About us

Learn more about how the Independent Inquiry into Child Sexual Abuse Issues works, what its tasks and objectives are, who the Inquiry’s members are, who the Inquiry works with and what issues it researches.


The inquiry is investigating all forms of child sexual abuse that occurred in the Federal Republic of Germany and the former GDR from 1949 onwards. This includes, for example, sexual violence in families, in institutions, in social environments, by external perpetrators or in the context of organised sexual exploitation. The term “Institutions” refers to all facilities in which children and adolescents might spend time in when growing up, e.g. school, sports club or church facilities. Anyone who experienced sexual violence abroad as a child but now lives in Germany can also come forward.


Those who were sexually abused in their childhood or youth should be given the opportunity to talk about the injustice they suffered or to report it in writing, even if it occurred years earlier. They would then know that their suffering has been recognised. Even if the offences are often statute-barred, the consequences of child sexual abuse can still be felt in the lives of the survivors many years later. This is why the opportunity to tell us about it is very important.

As survivors we have fought for an Inquiry in Germany for a long time. Survivors’ voices will make a difference.
Matthias Katsch, Inquiry member

How is the Inquiry organised?

Members of the Inquiry

The Inquiry consists of seven members. They are experts from different sectors. All of the members of the Inquiry

Hearing officers

The Inquiry is supported by 23 hearing officers throughout Germany who conduct the confidential hearings.

Gruppenfoto Aufarbeitungskommission. In der vorderen Reihe stehen drei Frauen, in der hinteren eine Frau und drei Männer.
Members of the Independent Inquiry into Child Sexual Abuse

The Inquiry’s office

The Inquiry is supported by its own office. The office staff advise and support the Inquiry in its work in the administration, justice, politics and science areas as well as with press releases and public relations.

The Independent Commissioner

The Inquiry was appointed by Kerstin Claus, the Independent Commissioner for Child Sexual Abuse Issues (UBSKM). Johannes-Wilhelm Rörig, her predecessor in this office, established the inquiry in 2016. This was based on a decision made by the German Bundestag as well as the long-standing demand by the survivors for an inquiry that would independently investigate child sexual abuse.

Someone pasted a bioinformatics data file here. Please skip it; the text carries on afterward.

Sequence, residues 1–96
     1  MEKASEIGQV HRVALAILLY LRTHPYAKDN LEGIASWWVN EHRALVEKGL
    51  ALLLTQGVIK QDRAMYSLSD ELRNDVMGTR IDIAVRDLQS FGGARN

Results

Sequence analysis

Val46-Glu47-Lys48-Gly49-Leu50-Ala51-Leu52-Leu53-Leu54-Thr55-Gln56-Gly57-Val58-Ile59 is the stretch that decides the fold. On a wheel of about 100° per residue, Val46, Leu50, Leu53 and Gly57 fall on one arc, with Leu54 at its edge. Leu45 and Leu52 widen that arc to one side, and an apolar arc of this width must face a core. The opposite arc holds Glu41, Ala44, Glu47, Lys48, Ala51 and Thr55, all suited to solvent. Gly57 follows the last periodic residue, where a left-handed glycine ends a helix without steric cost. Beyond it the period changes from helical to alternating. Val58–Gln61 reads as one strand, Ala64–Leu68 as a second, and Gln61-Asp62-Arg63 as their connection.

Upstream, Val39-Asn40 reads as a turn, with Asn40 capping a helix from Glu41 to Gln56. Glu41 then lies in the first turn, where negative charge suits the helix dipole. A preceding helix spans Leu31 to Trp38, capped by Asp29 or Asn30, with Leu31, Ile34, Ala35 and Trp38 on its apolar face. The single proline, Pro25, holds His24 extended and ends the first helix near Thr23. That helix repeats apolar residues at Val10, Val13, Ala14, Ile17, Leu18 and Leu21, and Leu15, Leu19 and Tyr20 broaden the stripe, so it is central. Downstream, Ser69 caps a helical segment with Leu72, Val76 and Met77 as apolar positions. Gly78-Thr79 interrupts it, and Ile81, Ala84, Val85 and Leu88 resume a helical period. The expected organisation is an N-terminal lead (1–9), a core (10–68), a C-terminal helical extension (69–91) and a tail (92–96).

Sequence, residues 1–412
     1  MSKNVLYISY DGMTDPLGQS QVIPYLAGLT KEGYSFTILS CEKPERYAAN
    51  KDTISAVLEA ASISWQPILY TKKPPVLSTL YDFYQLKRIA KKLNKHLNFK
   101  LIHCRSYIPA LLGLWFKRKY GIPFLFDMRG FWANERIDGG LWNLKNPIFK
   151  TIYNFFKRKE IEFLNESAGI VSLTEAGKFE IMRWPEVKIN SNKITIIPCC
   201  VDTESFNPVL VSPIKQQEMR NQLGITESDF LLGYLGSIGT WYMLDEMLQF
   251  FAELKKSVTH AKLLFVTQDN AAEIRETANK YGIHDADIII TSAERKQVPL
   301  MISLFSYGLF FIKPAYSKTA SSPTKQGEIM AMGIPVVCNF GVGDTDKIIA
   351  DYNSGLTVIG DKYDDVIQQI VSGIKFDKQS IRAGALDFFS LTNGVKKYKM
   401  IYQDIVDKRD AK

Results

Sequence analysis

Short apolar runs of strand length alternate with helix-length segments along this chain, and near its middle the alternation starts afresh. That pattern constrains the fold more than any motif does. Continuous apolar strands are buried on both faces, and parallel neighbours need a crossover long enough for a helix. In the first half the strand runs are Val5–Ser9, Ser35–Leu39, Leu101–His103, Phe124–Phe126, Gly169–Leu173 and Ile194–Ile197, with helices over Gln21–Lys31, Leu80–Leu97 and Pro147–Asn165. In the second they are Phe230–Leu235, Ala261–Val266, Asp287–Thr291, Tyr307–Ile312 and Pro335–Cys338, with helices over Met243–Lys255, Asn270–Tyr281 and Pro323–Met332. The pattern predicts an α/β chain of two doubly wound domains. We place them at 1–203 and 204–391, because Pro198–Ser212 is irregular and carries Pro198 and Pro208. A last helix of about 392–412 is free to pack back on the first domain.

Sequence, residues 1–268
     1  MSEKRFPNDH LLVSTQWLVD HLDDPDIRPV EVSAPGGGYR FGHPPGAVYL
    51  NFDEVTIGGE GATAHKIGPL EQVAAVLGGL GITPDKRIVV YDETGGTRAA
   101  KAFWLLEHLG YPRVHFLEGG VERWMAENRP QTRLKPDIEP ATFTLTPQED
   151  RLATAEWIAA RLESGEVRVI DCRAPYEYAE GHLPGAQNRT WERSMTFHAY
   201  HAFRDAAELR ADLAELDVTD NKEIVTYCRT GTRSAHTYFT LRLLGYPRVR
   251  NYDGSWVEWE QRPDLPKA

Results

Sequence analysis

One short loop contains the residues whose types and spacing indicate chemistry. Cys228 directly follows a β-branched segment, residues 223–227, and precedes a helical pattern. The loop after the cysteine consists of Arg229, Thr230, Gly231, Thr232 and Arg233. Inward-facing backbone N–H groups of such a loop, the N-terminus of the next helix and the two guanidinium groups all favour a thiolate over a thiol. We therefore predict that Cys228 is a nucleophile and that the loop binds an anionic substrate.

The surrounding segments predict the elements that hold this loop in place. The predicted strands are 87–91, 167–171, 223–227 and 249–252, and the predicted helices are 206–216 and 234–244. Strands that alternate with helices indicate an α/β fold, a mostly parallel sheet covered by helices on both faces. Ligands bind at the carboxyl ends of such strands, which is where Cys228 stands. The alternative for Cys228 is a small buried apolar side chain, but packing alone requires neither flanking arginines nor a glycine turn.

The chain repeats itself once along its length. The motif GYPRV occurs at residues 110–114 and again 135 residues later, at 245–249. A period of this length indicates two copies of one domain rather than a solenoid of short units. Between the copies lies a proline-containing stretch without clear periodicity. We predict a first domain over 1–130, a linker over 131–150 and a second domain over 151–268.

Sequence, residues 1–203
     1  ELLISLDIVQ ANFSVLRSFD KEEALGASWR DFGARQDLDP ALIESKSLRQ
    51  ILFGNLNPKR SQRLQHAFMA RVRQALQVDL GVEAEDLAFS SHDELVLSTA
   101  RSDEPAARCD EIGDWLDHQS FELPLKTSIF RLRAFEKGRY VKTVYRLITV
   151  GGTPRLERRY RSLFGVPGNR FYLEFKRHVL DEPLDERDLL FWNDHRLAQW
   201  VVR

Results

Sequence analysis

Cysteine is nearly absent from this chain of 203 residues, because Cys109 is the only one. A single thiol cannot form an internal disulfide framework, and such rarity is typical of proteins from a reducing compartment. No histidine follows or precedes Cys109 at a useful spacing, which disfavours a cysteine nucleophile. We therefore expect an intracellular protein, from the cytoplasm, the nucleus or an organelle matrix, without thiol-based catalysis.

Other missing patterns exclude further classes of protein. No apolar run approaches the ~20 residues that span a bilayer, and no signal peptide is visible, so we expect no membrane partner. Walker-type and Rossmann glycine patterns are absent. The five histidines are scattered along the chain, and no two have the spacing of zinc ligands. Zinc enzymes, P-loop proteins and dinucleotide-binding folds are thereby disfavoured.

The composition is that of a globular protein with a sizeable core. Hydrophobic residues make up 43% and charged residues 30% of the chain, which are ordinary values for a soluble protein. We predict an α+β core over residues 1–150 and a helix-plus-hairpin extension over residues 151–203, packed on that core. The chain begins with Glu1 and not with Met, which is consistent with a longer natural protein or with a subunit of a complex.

How does the Independent Inquiry into Child Sexual Abuse Issues work?

The Inquiry’s work focuses on stories from survivors. The Inquiry’s members listen to them or read the reports that have been sent to them. This gives the survivors and other witnesses such as parents, other relatives, friends or teachers the opportunity to speak out beyond courtrooms, institutions or therapy rooms even if the injustice they experienced is already statute-barred.

The Inquiry uses various formats to investigate the different areas of child sexual abuse:

  • Confidential hearings for survivors and witnesses, nationwide and decentralised
  • Evaluating written reports from survivors and witnesses
  • Public hearings about key issues
  • Discussions held with experts and specialist events
  • Case studies and expertise
  • Research projects

Why does the Inquiry exist?

History & mandate

The Independent Inquiry into Child Sexual Abuse Issues was appointed on the 26th of January 2016 by the then Independent Commissioner for Child Sexual Abuse Issues. This was based on a resolution passed by the German Bundestag on the 2nd of July 2015. The Inquiry was established to independently investigate child sexual abuse in Germany, which has been a key demand of survivors and other experts for years.

The Inquiry’s work was initially limited up to the 31st of March 2019. The Federal Cabinet extended it for the first time up to the end of 2023. The second extension was decided upon n November 2023. This ensures that the Inquiry will continue working for another two years until the end of 2025.

Find out more about the Commission’s mandate here.

Who reports to the Inquiry?

2,038 confidential hearings and written reports had been evaluated by July 2023. Most of them (92%) came from survivors. However, relatives (5%) and witnesses (3%) also reported child sexual abuse to the Inquiry.

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